Monday, 20 May 2013

Splendorous Spring

Spring has definitely arrived if you go by fishing in shirtsleeves to rising fish. Last Saturday was just such a day, resplendent in sunshine, the greenery of new tree leaves and bank side stinging nettles, wild flowers, bird song, inquisitive lambs and bounding, nervous squirrels. The riverside has finally come to life.


Four trout in succession were tempted to take a size 18 nymph drifted past the tree roots centre left of the image

River X was in fine fettle as it always seems to be, running clear whilst other rivers seen through the train window were brown and murky after recent rains. Trout were active and willing to rise to the dry fly - what a joy it was after so long to take a trout on a dry fly! I caught somewhere in the region of 25 fish, all brown trout but for a lone grayling. A pair of trout measured 14" and I will be hard pressed to match them for quality in the season ahead.




A lovely 12" fish taken on the dry fly

Laszlo was surprised by a rather wild looking rainbow trout, his first. Initially at a loss to explain its presence in the river I have since learned that there is a stocked trout pool about 5 miles upriver which is fed by a small tributary. This rainbow must have escaped. Whatever the case, it is a fine looking rainbow trout.


The evening walk home

Sunday, 12 May 2013

The River Dee, North Wales


After our abortive visit to the Welsh Dee in February this year Laszlo and I promised to return when the weather improved. The weather has been relatively stable over the past 2 weeks and we took a chance yesterday, driving the 80 or so miles north west of Birmingham to Llangollen. Our start was held up a little because I couldn't find my rain jacket. In the end it was a good thing I found it, as we met up with a spell of rain sweeping in from the Atlantic.


The Dee oozes a special charm and it’s difficult to describe the beauty of the Dee valley, especially in the green wash of spring. Arriving at Berwyn, just east of Llangollen, we were treated to the sight of the impressive working steam train pulling in to the station on its short tourist journey along the course of the river. Throughout the day we would regularly hear its whistle. The valley to the east of Llangollen was clear and sunny and, whilst the river seemed to have a little tinge of colour to it, it was at a perfect level for fly fishing.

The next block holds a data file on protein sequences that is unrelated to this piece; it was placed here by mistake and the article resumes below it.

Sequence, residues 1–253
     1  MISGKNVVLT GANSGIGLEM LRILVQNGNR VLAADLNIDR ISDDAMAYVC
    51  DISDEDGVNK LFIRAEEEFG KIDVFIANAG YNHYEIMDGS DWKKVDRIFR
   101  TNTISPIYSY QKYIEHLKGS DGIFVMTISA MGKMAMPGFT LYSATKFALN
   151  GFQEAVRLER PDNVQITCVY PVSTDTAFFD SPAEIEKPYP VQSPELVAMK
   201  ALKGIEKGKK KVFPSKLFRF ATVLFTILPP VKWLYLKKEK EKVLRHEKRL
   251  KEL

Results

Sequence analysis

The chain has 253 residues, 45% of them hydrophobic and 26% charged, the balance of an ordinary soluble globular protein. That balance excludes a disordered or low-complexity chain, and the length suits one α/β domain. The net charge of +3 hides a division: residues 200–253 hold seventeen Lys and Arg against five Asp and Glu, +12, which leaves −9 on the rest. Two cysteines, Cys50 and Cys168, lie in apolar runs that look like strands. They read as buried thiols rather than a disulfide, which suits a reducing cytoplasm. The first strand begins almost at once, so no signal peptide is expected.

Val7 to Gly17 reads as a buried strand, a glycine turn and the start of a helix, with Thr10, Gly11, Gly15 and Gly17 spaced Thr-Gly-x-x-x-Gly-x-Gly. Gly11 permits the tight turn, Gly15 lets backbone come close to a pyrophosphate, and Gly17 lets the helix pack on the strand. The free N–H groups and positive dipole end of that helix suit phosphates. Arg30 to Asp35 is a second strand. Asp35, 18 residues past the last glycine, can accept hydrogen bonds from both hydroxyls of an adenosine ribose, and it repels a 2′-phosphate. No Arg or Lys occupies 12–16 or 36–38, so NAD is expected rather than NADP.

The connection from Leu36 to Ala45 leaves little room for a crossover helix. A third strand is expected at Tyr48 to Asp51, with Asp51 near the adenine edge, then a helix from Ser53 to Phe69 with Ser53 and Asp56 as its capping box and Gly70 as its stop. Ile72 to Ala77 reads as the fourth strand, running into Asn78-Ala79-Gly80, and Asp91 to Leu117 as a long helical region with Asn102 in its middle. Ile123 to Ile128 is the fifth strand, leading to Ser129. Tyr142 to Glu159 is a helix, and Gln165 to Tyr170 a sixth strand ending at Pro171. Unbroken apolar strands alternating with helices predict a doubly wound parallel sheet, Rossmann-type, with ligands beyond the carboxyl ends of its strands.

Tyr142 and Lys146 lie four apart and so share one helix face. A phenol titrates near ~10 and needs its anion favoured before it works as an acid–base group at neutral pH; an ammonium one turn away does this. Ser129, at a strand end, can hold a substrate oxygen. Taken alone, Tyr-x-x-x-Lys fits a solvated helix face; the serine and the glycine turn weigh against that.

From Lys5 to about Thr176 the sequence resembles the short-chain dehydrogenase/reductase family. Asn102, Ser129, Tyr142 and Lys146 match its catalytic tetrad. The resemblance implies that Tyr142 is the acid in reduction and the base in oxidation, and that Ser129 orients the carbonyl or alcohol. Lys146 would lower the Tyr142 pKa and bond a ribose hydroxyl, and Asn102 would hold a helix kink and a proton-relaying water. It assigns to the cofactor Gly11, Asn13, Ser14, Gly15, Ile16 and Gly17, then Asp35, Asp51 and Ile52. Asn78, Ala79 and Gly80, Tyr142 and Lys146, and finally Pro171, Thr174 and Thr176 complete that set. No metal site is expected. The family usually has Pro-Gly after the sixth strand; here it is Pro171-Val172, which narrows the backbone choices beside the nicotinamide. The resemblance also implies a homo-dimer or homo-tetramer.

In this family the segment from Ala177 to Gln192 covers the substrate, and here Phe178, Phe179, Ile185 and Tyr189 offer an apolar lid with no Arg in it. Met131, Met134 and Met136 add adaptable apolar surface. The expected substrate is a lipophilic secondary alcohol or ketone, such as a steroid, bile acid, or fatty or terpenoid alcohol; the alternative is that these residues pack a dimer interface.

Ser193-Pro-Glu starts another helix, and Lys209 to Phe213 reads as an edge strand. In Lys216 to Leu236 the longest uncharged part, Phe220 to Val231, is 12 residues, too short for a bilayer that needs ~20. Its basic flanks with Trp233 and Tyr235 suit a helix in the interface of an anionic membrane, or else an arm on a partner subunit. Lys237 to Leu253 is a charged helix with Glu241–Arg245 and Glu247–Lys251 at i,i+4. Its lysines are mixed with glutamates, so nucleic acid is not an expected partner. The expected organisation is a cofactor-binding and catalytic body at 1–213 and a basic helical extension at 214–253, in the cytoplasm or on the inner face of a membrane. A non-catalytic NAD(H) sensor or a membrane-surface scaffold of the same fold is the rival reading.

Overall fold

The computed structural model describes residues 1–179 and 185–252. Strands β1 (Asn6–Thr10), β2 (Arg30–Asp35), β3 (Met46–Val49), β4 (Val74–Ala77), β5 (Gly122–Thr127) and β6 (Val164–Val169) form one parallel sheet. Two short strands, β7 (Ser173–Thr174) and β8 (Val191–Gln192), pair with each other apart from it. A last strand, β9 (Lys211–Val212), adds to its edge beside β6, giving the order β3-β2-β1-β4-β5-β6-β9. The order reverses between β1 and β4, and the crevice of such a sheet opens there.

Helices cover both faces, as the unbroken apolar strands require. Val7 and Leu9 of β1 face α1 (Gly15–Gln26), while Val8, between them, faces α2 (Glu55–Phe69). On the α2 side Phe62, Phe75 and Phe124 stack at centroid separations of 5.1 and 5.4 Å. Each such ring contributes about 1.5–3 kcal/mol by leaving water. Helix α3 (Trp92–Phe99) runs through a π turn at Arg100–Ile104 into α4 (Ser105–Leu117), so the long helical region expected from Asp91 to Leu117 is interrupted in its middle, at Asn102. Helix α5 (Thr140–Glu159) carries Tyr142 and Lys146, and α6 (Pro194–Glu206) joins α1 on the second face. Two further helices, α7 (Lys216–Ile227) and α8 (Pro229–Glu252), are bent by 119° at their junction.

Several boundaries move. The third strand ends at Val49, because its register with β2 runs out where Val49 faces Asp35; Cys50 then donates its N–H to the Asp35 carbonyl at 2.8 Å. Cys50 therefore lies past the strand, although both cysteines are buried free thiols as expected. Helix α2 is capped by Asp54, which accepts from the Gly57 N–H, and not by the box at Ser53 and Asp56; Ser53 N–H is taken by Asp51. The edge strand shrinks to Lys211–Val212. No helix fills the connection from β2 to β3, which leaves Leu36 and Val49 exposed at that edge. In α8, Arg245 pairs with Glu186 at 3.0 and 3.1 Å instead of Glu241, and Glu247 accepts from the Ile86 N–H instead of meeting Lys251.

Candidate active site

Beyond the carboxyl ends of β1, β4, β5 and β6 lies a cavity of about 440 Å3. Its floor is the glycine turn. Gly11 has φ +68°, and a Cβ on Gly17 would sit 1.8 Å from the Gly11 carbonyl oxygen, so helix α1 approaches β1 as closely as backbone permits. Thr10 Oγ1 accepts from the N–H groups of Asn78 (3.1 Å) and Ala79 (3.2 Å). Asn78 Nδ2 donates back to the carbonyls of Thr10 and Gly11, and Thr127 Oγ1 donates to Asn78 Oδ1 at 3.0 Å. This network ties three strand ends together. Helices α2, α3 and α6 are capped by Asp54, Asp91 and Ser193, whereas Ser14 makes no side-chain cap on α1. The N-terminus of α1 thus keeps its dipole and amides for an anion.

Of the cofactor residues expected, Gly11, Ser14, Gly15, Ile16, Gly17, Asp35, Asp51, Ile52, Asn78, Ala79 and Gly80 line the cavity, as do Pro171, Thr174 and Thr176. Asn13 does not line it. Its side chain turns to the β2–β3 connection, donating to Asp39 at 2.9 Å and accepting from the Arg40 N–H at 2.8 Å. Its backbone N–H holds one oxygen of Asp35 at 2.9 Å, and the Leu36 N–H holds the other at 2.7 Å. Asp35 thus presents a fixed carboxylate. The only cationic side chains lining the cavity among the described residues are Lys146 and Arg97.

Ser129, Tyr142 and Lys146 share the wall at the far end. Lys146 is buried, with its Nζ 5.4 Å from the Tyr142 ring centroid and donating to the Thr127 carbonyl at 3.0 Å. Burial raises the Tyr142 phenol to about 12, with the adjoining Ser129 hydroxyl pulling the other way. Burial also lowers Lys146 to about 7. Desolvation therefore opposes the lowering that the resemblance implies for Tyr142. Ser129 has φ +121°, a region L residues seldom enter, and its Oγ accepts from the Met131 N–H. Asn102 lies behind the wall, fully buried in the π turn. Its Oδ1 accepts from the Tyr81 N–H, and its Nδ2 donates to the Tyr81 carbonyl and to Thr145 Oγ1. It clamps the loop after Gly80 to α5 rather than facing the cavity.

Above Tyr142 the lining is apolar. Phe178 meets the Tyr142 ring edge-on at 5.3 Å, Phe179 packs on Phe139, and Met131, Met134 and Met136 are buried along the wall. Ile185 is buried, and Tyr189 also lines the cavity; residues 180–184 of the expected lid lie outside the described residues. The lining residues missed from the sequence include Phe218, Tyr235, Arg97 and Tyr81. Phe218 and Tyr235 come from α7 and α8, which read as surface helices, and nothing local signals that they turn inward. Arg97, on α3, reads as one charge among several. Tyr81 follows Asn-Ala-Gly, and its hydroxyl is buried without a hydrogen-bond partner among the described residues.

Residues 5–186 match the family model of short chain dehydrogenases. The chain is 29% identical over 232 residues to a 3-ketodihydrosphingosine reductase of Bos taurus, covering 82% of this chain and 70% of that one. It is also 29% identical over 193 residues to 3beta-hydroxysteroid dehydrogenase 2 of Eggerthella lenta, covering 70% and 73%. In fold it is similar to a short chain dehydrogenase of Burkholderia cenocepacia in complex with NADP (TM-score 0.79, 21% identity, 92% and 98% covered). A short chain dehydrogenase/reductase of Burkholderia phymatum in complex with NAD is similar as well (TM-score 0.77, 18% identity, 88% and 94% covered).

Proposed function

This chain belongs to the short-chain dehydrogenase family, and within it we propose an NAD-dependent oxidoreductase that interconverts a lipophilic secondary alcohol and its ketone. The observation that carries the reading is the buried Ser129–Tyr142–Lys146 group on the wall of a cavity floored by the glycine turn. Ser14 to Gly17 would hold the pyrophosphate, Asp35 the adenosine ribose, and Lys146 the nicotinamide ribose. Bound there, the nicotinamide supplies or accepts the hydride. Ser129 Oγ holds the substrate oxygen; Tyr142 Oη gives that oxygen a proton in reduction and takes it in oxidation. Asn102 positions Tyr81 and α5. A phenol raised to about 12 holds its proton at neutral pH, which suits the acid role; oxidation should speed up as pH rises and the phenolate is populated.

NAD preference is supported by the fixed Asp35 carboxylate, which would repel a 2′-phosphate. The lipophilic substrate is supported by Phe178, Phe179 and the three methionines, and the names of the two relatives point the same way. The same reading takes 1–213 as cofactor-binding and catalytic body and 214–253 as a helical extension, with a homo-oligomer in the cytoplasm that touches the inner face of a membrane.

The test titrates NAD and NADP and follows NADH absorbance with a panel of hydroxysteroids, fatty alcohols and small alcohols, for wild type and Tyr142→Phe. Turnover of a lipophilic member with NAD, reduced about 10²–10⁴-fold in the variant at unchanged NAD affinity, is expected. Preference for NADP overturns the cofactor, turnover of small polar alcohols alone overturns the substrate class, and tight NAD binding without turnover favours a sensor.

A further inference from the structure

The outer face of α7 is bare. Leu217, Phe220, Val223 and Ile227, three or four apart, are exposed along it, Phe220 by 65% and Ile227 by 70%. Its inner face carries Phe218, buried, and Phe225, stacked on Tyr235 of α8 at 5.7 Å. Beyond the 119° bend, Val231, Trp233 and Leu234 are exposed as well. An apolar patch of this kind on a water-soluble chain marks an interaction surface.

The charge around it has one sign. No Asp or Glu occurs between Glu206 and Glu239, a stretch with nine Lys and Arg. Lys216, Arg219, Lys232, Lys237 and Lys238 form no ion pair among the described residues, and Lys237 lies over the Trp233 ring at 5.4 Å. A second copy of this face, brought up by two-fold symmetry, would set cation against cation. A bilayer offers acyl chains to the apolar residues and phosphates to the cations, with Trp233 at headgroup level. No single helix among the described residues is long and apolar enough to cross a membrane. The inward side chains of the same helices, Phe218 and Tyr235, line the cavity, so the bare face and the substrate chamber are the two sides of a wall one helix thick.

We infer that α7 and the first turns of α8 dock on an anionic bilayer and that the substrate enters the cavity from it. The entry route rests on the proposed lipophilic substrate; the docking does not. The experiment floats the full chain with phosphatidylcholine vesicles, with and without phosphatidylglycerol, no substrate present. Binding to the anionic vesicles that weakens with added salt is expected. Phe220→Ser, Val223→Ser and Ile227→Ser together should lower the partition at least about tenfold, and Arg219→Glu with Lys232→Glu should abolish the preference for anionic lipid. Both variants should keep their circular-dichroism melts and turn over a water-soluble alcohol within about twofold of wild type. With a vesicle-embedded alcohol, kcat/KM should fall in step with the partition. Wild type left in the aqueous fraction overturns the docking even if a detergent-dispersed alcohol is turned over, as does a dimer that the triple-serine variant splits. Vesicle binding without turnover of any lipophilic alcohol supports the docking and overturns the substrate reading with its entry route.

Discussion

The Dee where the little Abersilio brook joins it

We purchased day tickets from Watkins & Williams hardware store and decided to fish the upper section of the 10 miles of river offered by the Llangollen-Maelor Angling Club. We crossed the river, watching kayakers and white water rafters setting off for the rapids downstream, and parked at the small hamlet of Abersilio. The left bank is the outer bank of a bend in the river and therefore the current here is swift and the river deep. We hadn't given much thought to which bank to fish from, thinking that we would be able to wade across the river if required. How wrong we were! Attempting to ford the river would be near suicide. The Dee is a large and powerful river with a smooth bedrock bottom that offered as much purchase to the studs on my wading boots as flip flops have on ice. I later crafted a makeshift wading stick from a tree branch and this helped to some extent. Our bank was forested and casting difficult but I flicked in my team of nymphs and immediately caught a little trout of about 7 inches on the heavier copper wrapped dropper. I turned to Laszlo and we agreed that the signs looked good for a rewarding day’s fishing. 


First fish of 2013!

We continued to move up the left bank and cast where possible through the trees. I was mesmerised by the swathes of blue, yellow and white coloured wild flowers which carpeted the forest floor. Eventually, having dawned upon us that crossing the river was impossible, we returned to the car and drove to the other side of the valley where there were fewer trees on the river bank and where the option of wading as least presented itself. By this time it had started to spit with rain with tremendous wind gusts from the west (blowing directly downstream).

Beautiful wild flowers beneath the trees